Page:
One Great Lie: A Chick Lit Wednesday Review

“She will imagine a ghost library of all the other books that aren’t there, and will never be there. All the voices and stories of women behind one kind of wall or another. Voices and stories stolen by thieves.”

One Great Lie by Deb CalettiWinning a scholarship to a writing workshop should be a dream come true for Charlotte Hodges. The workshop is led by Luca Bruni, Charlotte’s favorite author of all time at his private villa in Venice.

Being in Venice also gives Charlotte the chance she’s longed for to look into her ancestor Isabella Di Angelo. For generations, Charlotte’s family has held onto the knowledge that Isabella wrote a very famous poem that’s taught in just about every school now. A poem that’s always been attributed to a man. Without concrete proof, the true authorship is more family lore than fact. Charlotte hopes this summer she can change that.

Arriving in Venice, Charlotte finds the city more picturesque than she could imagine. But the villa is also more secluded–isolated, really. Bruni is even more charismatic in person. More brilliant. But he’s also much more erratic and, as Charlotte and the other young women on the retreat begin to realize, much more unsettling.

With help from an Italian grad student named Dante, Charlotte begins to uncover the truth about Isabella and the stolen poem. But as some secrets are revealed, Charlotte will have to decide if she wants to speak out about others about Bruni in One Great Lie (2021) by Deb Caletti.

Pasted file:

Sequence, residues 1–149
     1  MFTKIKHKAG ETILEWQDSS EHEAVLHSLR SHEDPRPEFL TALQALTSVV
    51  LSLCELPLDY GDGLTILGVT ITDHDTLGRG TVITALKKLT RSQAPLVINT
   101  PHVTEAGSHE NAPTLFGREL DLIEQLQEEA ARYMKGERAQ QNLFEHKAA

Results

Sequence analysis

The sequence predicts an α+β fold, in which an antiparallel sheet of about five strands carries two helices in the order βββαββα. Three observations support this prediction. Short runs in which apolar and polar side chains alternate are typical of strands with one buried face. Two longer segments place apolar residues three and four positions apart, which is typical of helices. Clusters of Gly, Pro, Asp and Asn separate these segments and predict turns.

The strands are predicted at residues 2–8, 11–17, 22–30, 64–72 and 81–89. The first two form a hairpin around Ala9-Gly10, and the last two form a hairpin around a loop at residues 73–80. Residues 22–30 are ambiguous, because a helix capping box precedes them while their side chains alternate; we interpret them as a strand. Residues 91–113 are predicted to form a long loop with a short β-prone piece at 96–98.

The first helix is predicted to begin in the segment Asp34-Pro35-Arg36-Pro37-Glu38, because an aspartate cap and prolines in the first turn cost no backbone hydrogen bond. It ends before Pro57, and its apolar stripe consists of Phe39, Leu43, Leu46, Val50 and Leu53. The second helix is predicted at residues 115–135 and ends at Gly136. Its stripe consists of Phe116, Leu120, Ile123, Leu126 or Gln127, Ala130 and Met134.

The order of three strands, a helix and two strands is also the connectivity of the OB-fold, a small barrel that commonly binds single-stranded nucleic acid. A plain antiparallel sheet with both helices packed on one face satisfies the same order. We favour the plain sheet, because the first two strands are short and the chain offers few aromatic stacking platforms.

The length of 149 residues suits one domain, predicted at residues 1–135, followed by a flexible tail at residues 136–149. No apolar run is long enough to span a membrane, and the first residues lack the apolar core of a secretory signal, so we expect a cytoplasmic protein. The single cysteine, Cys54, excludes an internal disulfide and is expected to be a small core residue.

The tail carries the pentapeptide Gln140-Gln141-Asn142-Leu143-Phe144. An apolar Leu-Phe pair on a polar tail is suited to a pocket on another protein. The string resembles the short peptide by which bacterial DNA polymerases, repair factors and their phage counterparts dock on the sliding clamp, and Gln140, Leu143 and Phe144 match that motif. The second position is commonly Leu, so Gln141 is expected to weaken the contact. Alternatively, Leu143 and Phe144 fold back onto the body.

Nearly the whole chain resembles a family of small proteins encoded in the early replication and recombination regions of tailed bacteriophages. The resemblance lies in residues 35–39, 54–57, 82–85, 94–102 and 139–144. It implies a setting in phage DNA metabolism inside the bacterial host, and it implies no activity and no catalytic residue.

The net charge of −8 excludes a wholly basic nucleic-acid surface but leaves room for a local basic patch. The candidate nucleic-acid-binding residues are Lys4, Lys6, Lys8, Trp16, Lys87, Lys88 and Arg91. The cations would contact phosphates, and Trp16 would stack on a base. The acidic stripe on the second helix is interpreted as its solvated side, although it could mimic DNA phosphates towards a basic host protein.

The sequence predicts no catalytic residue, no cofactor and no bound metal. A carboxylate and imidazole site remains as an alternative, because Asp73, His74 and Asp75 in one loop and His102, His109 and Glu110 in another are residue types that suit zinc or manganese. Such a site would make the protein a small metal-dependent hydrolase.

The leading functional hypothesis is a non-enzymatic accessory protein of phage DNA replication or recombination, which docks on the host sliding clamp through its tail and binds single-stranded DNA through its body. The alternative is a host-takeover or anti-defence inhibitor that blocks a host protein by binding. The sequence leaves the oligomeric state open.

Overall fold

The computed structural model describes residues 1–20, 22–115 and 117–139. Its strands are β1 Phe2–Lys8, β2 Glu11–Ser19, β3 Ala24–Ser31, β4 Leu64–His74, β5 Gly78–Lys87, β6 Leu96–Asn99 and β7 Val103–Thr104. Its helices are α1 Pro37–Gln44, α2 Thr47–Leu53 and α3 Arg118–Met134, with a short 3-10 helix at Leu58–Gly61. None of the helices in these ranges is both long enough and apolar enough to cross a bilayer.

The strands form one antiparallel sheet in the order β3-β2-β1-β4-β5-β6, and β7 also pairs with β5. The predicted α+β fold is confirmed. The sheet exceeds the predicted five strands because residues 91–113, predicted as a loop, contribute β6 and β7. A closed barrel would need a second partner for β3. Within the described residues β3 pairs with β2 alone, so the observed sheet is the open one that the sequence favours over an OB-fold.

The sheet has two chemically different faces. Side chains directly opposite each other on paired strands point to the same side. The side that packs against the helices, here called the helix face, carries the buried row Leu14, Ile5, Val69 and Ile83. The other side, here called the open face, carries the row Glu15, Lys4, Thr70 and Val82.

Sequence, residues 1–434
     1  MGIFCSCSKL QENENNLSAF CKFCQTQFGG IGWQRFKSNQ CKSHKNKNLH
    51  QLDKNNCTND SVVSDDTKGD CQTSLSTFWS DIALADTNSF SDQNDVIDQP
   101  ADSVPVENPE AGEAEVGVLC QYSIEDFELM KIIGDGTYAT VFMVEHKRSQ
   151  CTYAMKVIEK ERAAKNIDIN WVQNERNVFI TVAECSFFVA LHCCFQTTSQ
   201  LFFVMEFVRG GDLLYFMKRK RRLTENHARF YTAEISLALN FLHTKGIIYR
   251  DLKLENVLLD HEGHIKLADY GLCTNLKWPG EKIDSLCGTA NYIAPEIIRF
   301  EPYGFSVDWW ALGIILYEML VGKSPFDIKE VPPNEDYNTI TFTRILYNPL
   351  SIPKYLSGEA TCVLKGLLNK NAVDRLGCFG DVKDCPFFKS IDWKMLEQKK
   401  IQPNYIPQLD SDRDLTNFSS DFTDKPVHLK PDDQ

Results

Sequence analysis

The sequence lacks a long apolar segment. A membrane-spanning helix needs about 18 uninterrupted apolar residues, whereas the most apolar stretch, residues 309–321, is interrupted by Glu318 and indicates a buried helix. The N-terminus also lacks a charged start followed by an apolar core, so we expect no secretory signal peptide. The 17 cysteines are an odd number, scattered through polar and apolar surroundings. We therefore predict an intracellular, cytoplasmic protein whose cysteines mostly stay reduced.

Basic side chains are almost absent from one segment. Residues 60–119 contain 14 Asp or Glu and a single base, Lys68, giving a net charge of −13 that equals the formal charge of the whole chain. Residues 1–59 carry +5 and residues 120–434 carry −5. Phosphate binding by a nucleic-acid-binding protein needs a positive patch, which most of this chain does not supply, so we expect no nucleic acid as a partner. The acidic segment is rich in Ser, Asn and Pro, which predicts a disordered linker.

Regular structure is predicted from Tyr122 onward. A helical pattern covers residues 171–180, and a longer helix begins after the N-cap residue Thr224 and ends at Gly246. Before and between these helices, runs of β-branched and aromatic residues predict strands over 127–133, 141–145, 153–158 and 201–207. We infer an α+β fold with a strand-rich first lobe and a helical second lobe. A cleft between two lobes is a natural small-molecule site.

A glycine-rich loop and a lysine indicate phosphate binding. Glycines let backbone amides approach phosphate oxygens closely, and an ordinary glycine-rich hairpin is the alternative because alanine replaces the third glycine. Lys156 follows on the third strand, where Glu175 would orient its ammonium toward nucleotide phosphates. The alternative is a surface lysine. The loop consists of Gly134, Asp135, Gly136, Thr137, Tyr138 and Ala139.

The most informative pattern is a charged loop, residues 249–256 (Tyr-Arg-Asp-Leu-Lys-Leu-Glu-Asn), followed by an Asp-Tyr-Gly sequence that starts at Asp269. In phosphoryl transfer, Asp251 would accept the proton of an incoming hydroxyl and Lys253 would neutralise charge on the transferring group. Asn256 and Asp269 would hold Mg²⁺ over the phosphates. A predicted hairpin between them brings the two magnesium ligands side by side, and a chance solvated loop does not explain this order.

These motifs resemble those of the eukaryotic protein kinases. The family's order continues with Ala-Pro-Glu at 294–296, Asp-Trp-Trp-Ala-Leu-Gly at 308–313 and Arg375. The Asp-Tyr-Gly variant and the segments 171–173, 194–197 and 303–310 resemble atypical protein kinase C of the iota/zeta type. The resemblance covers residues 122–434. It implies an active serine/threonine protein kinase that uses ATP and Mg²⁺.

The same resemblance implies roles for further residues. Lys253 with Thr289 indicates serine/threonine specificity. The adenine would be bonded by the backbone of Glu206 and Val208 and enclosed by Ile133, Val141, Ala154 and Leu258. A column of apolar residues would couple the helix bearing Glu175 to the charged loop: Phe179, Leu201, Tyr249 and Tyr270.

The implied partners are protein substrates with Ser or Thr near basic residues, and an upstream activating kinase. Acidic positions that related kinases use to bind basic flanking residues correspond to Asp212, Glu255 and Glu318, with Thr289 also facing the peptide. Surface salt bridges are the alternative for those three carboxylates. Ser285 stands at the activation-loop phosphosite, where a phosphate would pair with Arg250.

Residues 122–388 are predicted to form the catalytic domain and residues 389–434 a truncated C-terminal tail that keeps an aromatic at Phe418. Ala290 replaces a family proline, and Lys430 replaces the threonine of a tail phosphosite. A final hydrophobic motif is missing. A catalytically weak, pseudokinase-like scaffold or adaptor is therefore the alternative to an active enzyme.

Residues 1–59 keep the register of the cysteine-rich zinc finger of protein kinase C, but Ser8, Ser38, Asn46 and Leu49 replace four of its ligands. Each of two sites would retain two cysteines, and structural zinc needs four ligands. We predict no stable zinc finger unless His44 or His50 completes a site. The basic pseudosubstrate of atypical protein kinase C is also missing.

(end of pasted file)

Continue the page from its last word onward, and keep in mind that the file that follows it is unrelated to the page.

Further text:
Find it on Bookshop.

One Great Lie is written in close third person following Charlotte’s perspective. Charlotte is white as are most characters although there is some diversity among the other students at the retreat. Each chapter in the book is prefaced with a brief epigraph detailing a different female writer from the Renaissance and the reasons why her works are not as well known as they should be or, in many cases, as they could be.

From the beginning the prose is so charged–the foreshadowing so deliberately ominous–that are immediately drawn in waiting for the ground to fall out from under Charlotte; knowing that it’s only a matter of time before a writing retreat that seems too good to be true is proven to be just that.

Charlotte’s work dismantling her admiration for Luca Bruni after witnessing his predatory behavior firsthand connects well to Charlotte’s efforts to prove Isabella’s authorship of a poem previously attributed (and stolen by) a prominent male Renaissance poet. Themes of feminism play out in both plot threads as Charlotte sees firsthand the damage Bruni has wraught while researching the ways her ancestor Isabella’s poem was stolen.

A sweet romance with Dante and Charlotte’s growing love for Venice tempers the otherwise tense narrative.

One Great Lie is a tautly paced novel filled with evocative settings and suspense as Charlotte unearths the truth and tries to right an historical wrong.

Possible Pairings: Revolution by Jennifer Donnelly, Da Vinci’s Tiger by L. M. Elliott, You Too?: 25 Voices Share Their #MeToo Stories by Janet Gurtler, Blood Water Paint by Joy McCullough, The Invisible Life of Addie LaRue by V. E. Schwab, Love and Olives by Jenna Evans Welch

Witchlanders: A Review

cover art for Witchlanders by Lena CoakleyMagic is a powerful thing in the Witchlands. The magic and the lands themselves are protected by witches who are mysterious and dangerous, creatures with little time for villages like Ryder’s.

That is if the witches are even real, which Ryder still doubts. After all, he has seen no evidence of them save the relics from her mother’s time as a witch and her addiction to the flowers that she insists will call the witches to her.

When the witches do finally show up to answer his mother’s call Ryder is forced to reconsider everything he thought he believed about the witches, the Witchlands, and his own role in the prophecies his mother has been seeing in Witchlanders (2011) by Lena Coakley.